In MySQL, the
localhost keyword is reserved for connection using the MySQL socket and you should use the ip-address
127.0.0.1 for TCP connections to the MySQL network port on 127.0.0.1. This means that both the server must grant privileges to users from specifically
127.0.0.1, and the client must use
-h 127.0.0.1 to go through the tunnel instead of connecting to a local socket.
To allow you access using the SSH port forwarding you need something like:
GRANT SELECT ON *.* TO user@`127.0.0.1`
and then run
FLUSH QUERY CACHE;
If it still doesn’t work, restart the server process.
In error messages 127.0.0.1 after a reverse DNS lookup gets translated to
localhost making debugging difficult.
As the manual describes it:
On Unix, MySQL programs treat the host name localhost specially, in a way that is likely different from what you expect compared to other network-based programs. For connections to localhost, MySQL programs attempt to connect to the local server by using a Unix socket file. This occurs even if a –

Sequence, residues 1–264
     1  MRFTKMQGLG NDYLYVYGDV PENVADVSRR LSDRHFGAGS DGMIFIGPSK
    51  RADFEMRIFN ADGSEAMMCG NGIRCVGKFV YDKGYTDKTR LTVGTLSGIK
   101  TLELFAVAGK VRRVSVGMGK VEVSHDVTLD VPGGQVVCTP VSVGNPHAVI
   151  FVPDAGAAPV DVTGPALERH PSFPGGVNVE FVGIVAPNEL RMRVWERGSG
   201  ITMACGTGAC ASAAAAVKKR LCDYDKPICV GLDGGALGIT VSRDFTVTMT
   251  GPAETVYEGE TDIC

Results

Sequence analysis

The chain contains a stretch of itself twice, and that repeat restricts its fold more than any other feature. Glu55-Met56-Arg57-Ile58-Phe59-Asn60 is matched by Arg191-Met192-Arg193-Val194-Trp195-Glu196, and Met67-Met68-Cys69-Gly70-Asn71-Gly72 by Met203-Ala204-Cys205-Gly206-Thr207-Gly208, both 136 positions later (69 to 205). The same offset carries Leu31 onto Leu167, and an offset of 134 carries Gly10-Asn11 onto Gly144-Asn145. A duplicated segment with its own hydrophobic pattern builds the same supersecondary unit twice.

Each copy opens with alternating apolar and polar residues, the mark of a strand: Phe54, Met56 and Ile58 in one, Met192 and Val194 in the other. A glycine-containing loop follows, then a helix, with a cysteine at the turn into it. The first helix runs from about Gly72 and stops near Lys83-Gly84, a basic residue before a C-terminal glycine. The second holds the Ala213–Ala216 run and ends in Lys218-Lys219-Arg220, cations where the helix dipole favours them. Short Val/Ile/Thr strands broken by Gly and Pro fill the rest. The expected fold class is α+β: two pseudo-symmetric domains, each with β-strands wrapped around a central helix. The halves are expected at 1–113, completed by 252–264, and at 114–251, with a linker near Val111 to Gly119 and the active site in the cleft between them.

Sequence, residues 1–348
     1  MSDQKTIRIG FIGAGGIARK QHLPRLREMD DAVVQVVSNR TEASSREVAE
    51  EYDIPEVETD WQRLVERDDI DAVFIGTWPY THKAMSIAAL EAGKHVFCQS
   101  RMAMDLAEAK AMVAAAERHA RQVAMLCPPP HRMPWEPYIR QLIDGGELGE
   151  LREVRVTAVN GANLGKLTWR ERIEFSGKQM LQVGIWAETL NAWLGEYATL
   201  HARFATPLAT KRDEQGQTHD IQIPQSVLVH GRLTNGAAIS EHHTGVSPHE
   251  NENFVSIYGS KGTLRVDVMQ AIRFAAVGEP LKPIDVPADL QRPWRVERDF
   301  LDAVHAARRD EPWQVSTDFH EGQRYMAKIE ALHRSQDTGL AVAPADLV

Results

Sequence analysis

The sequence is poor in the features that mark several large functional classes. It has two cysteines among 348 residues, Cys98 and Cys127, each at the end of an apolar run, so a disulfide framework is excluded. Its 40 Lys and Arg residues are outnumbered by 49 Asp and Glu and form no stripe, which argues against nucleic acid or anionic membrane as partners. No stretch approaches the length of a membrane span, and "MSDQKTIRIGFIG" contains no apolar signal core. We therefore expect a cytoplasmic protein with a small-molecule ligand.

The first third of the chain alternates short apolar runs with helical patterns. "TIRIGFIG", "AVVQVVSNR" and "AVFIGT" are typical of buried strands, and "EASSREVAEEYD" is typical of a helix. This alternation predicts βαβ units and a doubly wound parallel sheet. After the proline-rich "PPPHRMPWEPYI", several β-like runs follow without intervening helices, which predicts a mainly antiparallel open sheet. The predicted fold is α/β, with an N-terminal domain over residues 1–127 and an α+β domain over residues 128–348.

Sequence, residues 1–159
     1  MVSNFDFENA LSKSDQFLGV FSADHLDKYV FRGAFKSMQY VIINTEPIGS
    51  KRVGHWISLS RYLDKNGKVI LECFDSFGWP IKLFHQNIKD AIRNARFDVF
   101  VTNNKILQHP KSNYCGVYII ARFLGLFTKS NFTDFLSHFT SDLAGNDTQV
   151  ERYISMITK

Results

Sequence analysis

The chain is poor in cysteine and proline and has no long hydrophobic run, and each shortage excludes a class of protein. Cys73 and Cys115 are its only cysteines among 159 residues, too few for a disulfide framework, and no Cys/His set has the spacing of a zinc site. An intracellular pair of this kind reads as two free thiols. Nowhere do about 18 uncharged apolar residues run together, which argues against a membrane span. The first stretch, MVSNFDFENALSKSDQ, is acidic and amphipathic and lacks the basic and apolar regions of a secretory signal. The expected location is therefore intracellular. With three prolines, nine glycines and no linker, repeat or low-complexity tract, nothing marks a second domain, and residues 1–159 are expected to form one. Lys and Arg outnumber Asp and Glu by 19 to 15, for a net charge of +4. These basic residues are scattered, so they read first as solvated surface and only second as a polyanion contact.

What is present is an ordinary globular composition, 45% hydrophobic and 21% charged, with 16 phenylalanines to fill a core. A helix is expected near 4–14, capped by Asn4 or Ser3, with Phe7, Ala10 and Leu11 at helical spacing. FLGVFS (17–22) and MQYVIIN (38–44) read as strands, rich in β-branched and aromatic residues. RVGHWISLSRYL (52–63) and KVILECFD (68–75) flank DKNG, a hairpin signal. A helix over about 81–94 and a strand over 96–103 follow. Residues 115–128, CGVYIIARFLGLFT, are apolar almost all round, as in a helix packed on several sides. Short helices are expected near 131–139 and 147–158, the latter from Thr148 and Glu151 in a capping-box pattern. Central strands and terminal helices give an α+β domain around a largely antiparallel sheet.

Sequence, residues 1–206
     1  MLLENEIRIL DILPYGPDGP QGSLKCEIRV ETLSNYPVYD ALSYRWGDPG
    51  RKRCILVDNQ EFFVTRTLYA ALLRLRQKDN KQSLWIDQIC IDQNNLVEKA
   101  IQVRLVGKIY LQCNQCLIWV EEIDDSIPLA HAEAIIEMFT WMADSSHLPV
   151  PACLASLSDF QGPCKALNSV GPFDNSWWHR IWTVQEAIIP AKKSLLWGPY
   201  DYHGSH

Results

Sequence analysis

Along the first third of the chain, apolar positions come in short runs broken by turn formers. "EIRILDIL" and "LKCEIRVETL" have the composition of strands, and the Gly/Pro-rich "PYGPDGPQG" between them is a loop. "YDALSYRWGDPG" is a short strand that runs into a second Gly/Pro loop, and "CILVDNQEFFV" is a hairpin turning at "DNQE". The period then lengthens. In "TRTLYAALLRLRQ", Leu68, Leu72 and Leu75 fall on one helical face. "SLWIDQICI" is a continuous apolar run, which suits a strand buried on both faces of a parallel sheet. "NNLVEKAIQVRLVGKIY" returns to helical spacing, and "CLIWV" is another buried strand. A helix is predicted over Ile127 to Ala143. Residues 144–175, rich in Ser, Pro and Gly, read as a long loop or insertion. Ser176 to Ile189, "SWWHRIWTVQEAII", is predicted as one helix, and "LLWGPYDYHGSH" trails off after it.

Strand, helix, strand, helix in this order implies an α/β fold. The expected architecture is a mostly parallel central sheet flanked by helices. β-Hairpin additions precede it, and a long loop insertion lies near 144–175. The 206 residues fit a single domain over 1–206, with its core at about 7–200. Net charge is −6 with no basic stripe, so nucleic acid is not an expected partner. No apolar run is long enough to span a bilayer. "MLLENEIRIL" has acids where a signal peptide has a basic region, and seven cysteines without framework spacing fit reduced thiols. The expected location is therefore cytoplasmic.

-Poption is given to specify a port number. To ensure that the client makes a TCP/IP connection to the local server, use
-hto specify a host name value of
127.0.0.1, or the IP address or name of the local server. You can also specify the connection protocol explicitly, even for localhost, by using the
--protocol=TCPoption. For example:
shell> mysql --host=127.0.0.1
shell> mysql --protocol=TCP
--protocoloption enables you to establish a particular type of connection even when the other options would normally default to some other protocol.